Year-end comments on self-location technology and privacy

As many in recent academic papers have pointed out (e.g. Sarah Ellwood, Jerry Dobson, Michael Goodchild) we seem, for a number of reasons, to be increasingly comfortable disclosing our location by "opting in" to technology that in addition to being very useful, also allows our surveillance. I am not talking Lucy Milligan-style gps necklaces here, but more common fare: gps-enabled cell phones, street view, cctv cameras and the like.  These technologies and our use of them might be changing our notions of our “reasonable expectations of privacy”. It is perhaps no coincidence that in this season for the media to summarize the year's news, there have been many interesting examples focusing on the interface between privacy and geo-location. Consider these:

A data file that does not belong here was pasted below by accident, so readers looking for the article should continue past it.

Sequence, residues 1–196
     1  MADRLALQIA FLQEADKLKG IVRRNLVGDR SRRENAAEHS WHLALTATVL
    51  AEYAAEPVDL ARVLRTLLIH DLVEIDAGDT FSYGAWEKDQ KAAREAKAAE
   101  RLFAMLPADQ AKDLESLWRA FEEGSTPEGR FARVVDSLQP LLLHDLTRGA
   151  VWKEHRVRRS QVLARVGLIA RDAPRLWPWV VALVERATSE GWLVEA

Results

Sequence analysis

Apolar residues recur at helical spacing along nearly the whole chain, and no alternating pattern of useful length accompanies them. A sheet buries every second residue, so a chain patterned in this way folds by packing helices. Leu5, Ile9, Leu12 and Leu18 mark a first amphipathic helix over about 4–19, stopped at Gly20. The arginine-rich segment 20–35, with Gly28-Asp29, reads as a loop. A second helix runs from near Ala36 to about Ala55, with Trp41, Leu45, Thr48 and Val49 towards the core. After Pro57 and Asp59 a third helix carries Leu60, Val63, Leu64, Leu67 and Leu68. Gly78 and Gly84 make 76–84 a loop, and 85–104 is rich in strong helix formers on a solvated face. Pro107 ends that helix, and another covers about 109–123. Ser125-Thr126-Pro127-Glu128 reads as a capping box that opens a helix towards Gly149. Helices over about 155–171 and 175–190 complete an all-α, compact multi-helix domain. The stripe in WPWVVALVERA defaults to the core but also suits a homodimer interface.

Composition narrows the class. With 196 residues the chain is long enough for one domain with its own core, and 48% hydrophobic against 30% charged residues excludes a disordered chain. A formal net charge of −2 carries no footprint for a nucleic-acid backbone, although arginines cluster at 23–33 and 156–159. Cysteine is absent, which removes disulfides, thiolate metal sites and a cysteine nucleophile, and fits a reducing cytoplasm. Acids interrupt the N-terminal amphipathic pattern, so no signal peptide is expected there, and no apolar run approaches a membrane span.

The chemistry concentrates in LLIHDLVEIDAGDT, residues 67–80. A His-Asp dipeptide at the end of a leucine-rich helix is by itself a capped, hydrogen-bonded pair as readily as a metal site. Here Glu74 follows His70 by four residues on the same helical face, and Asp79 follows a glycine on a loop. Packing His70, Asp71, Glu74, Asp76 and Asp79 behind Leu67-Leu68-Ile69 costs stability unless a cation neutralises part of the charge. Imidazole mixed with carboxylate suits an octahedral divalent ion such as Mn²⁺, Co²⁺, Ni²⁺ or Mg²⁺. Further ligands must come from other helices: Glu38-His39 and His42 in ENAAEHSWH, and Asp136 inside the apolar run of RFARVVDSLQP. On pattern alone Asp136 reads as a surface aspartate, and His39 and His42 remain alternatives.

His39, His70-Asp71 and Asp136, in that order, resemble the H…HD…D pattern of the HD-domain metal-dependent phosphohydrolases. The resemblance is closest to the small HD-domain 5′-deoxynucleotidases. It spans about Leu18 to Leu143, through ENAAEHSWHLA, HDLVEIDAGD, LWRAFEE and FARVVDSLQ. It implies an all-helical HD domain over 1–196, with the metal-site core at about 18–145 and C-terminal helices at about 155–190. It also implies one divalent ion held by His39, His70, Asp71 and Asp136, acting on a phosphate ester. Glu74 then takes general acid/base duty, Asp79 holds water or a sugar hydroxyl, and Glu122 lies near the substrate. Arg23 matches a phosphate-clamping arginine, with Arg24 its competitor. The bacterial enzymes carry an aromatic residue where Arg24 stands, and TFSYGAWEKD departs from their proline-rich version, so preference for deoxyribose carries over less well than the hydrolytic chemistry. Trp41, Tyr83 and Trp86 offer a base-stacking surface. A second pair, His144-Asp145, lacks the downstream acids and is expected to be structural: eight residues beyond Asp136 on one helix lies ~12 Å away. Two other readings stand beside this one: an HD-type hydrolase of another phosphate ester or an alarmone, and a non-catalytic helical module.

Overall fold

• Along those lines is the much posted recent revelation that Sprint has so far filled over 8 million requests from law enforcement for customer GPS data. Posted at Engaget and elsewhere.

Welcome to 2010, another exciting year in mapping technology no doubt.